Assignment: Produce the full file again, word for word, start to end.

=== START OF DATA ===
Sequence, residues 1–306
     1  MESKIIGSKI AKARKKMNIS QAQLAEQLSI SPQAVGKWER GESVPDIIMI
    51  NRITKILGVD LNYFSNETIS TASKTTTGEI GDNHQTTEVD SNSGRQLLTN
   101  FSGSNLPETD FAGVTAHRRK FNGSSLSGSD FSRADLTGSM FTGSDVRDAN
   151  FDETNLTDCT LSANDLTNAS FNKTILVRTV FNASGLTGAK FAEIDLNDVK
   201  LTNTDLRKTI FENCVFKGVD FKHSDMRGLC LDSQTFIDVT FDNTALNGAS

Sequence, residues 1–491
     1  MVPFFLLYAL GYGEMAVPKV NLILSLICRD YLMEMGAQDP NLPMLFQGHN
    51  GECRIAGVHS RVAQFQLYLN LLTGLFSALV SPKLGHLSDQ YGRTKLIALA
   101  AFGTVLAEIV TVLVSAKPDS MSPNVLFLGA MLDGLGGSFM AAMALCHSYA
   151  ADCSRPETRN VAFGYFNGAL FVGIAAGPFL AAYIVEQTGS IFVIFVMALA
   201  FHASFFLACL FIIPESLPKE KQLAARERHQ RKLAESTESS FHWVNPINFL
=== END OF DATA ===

Sequence, residues 1–306
     1  MESKIIGSKI AKARKKMNIS QAQLAEQLSI SPQAVGKWER GESVPDIIMI
    51  NRITKILGVD LNYFSNETIS TASKTTTGEI GDNHQTTEVD SNSGRQLLTN
   101  FSGSNLPETD FAGVTAHRRK FNGSSLSGSD FSRADLTGSM FTGSDVRDAN
   151  FDETNLTDCT LSANDLTNAS FNKTILVRTV FNASGLTGAK FAEIDLNDVK
   201  LTNTDLRKTI FENCVFKGVD FKHSDMRGLC LDSQTFIDVT FDNTALNGAS

Sequence, residues 1–491
     1  MVPFFLLYAL GYGEMAVPKV NLILSLICRD YLMEMGAQDP NLPMLFQGHN
    51  GECRIAGVHS RVAQFQLYLN LLTGLFSALV SPKLGHLSDQ YGRTKLIALA
   101  AFGTVLAEIV TVLVSAKPDS MSPNVLFLGA MLDGLGGSFM AAMALCHSYA
   151  ADCSRPETRN VAFGYFNGAL FVGIAAGPFL AAYIVEQTGS IFVIFVMALA
   201  FHASFFLACL FIIPESLPKE KQLAARERHQ RKLAESTESS FHWVNPINFL